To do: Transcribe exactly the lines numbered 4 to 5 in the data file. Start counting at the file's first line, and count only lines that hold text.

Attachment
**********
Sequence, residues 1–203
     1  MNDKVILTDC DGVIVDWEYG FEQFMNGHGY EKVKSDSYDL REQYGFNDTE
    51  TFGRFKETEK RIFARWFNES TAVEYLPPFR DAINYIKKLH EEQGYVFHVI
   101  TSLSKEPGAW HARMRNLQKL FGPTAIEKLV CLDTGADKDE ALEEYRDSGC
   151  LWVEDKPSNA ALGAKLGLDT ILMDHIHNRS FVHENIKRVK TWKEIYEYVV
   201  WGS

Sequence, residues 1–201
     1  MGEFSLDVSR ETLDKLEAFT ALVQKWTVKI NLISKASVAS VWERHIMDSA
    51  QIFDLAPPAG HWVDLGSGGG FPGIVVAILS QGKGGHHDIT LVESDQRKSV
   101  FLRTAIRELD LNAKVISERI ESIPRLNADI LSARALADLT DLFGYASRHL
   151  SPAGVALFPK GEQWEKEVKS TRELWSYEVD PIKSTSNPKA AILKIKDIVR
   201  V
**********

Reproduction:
   101  TSLSKEPGAW HARMRNLQKL FGPTAIEKLV CLDTGADKDE ALEEYRDSGC
   151  LWVEDKPSNA ALGAKLGLDT ILMDHIHNRS FVHENIKRVK TWKEIYEYVV